So, let's err on the safe side and say that in 2002 there were 5,000 core Wimbledon fans - well below the average home attendance and bearing in mind not every dedicated fan makes it to every home game. How does that stack up against other clubs? 5,000 puts a club near the top of division 4 (League 2) or comfortably within division 3 (League 1) - basically amongst the top 60-70 clubs in the country. And bear in mind I've been conservative with the estimates and not really considered away fans as a factor.
So how are AFC Wimbledon bearing out those figures? Quite well as it turns out. Bearing in mind that the capacity of Kingsmeadow is less than 5,000 (varies depending on arrangements for away fans), after 3 home games this season the average attendance is 4,424. Along with the fact that there are an increasing number of all-ticket games which have been sold out, the confirmation that Wimbledon's football club, both then and now, is comfortably among the top 100 best supported clubs in the country and with the potential for more, is indisputable.
Where does that leave any accusation that Wimbledon fans didn't support their club in great enough numbers? It leaves it completely rubbished. Unless one is going to claim that all football clubs from division 4 (League 2) and downwards aren't well enough supported and don't deserve their football team, then this one is a complete non-starter.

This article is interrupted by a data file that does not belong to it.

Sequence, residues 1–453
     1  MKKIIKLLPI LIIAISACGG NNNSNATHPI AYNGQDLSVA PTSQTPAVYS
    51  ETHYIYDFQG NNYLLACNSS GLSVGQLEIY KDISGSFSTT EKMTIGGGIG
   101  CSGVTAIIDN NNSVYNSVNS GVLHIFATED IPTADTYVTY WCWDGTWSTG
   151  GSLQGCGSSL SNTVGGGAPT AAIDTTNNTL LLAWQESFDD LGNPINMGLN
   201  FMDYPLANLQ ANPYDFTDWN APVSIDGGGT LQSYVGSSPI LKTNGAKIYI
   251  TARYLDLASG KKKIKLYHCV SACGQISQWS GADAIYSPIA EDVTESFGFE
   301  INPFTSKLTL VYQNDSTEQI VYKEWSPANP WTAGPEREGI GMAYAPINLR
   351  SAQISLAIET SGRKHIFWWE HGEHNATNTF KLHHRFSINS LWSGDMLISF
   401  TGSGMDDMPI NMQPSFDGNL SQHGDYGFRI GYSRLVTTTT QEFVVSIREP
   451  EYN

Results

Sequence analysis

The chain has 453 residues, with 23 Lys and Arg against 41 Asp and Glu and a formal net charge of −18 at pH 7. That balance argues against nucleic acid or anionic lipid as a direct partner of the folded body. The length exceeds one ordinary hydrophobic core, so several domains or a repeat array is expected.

So what of Milton Keynes, which we were told deserved a football team more than we did (by both WFC's owners, Winkelman and the FA Commission report), surely there are some crushing statistics available to bear out that claim? Surely the case must have been overwhelmingly clear to grant permission? Errr... no.
If you read the FA Commission report, the full extent of their study appears to be the acceptance of hearsay:
"19. In the early part of last year WFC concluded that the MKSC proposal they had been exploring represented the best option. The potential fan base is huge. 8 million people live within one hour’s drive, and 2.2 million within half an hour’s drive. Milton Keynes is said to have the largest population in Europe without a professional football team."
There is nothing else in the report that explains its conclusion that, "Milton Keynes provides a suitable and deserving opportunity in its own right where none exists in South London." Much is made of Winkelman's "enthusiasm", but the report completely omits any attempt at justifying this analysis of Milton Keynes as deserving an opportunity to have a Football League team. The Commissioners didn't even bother to check the erroneous assertion that Milton Keynes was the largest population in Europe without a professional football team. It made a nice soundbite, but it wasn't true then and it wouldn't even be true now, despite MK's continued growth. Indeed you don't even have to look outside England for bigger places without a professional football team!